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It is said, “A bad workman blames his tools.” To avoid excuses, this guide uses tools created by the best craftsmen of the technology community. As these programs are entirely free, tools are no excuse here.


The following system components and Internet services are used to publish this guide:

  • Konsole, the Linux KDE terminal
  • Kate text editor (but any editor will do)
  • Chrome web browser (but Firefox, Opera or Safari may be preferred)
  • Python programming language tools (python-setuptools)
  • TeX composition tools (texlive-full)
  • Sphinx Python documentation generator
  • git repository file system _[#]
  • GitHub public online repository hosting _[#]

Platform of Choice

Building a workstation platform which will create simple, elegant web documents without hassle is a challenge. For this guide, workstations used was an ASUS EeePC 1001PX runnng Linux KUbuntu 12. This machine can dual-boot with the Windows Home Starter Edition that came on it, but what is the point of using a non-working operating system when a working system is available for free?

Programmers are like that. As we go farther along, you will notice links to various developer services, and invariably the screen shots and installation instructions will be written for Linux. _[#] Hopefully by the end of this guide, you will understand why.

Install Dual-Booting Linux

Here are basic directions. First, choose an operating system to download:

Burn a DVD of from operating system file, or dd the file to a usb key.

  1. Run defrag and chkdsk on your Windows hard drive partition.
  2. Boot from CD and follow directions to partition your drive and dual-install.

If this is too difficult, look for help at a nearby Linux user group meeting.

Installing Software

There is a whole slew of software one would want on a computer for programming, writing, graphic arts, and so forth. Rather than enumerate all these packages, a script to install software is provided as part of this GitHub project repository.

Install the script as follows. First, download the script file appropriate for your system, saving it to file in your home folder:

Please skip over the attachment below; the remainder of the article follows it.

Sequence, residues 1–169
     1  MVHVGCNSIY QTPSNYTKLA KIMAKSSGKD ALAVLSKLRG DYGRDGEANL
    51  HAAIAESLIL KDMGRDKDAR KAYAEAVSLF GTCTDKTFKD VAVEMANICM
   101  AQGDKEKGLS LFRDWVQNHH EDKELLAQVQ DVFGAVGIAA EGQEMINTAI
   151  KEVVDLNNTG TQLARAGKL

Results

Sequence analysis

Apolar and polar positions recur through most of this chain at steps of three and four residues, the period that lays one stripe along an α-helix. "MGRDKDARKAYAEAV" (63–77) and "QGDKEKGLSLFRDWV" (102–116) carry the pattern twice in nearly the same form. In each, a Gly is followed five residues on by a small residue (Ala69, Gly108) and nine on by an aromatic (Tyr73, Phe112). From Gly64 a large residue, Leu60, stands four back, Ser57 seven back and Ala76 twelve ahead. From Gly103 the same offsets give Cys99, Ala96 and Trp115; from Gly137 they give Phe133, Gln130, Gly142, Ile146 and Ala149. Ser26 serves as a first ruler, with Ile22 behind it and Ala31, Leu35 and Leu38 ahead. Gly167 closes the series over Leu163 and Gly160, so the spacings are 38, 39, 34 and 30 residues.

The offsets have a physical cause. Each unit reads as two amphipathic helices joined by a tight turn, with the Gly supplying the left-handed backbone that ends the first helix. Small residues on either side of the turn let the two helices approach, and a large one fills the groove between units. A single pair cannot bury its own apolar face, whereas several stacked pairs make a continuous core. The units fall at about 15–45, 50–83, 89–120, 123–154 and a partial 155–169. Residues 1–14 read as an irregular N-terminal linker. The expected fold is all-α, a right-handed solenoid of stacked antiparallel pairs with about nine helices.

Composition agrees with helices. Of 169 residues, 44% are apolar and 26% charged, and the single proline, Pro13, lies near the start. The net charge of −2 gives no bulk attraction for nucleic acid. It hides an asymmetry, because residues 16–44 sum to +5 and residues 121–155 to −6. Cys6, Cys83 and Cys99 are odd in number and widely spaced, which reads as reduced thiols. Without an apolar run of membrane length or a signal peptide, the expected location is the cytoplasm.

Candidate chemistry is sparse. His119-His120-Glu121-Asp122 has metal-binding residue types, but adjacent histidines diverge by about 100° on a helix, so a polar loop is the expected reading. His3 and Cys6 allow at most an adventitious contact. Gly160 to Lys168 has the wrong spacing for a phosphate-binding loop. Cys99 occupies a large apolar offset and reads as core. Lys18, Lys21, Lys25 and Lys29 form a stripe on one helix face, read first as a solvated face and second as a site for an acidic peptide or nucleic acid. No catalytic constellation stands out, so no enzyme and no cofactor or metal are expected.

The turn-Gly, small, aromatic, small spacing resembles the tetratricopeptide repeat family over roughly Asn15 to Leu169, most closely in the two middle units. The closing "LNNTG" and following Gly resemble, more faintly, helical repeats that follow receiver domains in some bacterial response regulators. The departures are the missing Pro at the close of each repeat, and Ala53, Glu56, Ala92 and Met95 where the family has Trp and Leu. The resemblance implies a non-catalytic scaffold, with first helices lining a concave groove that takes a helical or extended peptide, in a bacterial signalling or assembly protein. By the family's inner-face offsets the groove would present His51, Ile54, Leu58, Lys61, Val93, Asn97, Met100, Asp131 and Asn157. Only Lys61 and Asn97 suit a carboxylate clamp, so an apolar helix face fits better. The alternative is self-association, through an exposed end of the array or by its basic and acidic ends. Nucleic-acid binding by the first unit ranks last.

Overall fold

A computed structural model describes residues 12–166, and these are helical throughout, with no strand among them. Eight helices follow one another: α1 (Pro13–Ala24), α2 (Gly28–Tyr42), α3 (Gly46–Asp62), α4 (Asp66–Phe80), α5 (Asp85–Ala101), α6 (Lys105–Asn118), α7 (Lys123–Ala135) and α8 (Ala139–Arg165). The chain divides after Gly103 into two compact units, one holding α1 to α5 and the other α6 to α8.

If your browser saved this file without asking you where to put it or what to name it, then edit your browser preferences to always ask when saving downloads.

Now perform the following:

  1. Open a console (terminal) window
  2. Type the command bash <Enter>
  3. Enter your password when asked (this may happen multiple times)
  4. When asked for a mysql pasword, type mysql
  5. Wait an hour or so while over 1000 software packages are installed
  6. Restart your system to load the most recent Linux kernel

Installing Sphinx

We are not done yet. The desktop installation script did not include documentation tools, which will be installed from a separate script:

  1. Download reST script to filename
  2. Open a console (terminal) window
  3. Type the command bash <Enter>
  4. Enter your password when asked (this may happen multiple times)
  5. Wait an hour or so while packages are installed and compiled


There will be plenty of commands to type in this guide. Being a lazy lot, Linux programmers have a way to avoid the typing. Open both web browser and console windows in your workspace. Highlight text to be typed in the browser, then move to the console and click with the mouse scroll wheel at the prompt.

Congratulations. Now your computer has the tools to do documentation work.

Development Environments

A nice thing about Linux is the convenience of terminal command files, where a short script can perform hours of tedious computer work for you. Additional optional scripts are listed here for installing development environments for writing web applications.

As described previously, open a console window and type a command such as bash <Enter> to execute a script file.


[1]Scott Chacon, Pro Git (August 27, 2009, ISBN-10: 1430218339), available at Amazon, or for free on-line at
[2]Scott Chacon, Pro Git book source (written in MarkDown, not reST) repository on GitHub:
[3] presents a list of useful Linux commands.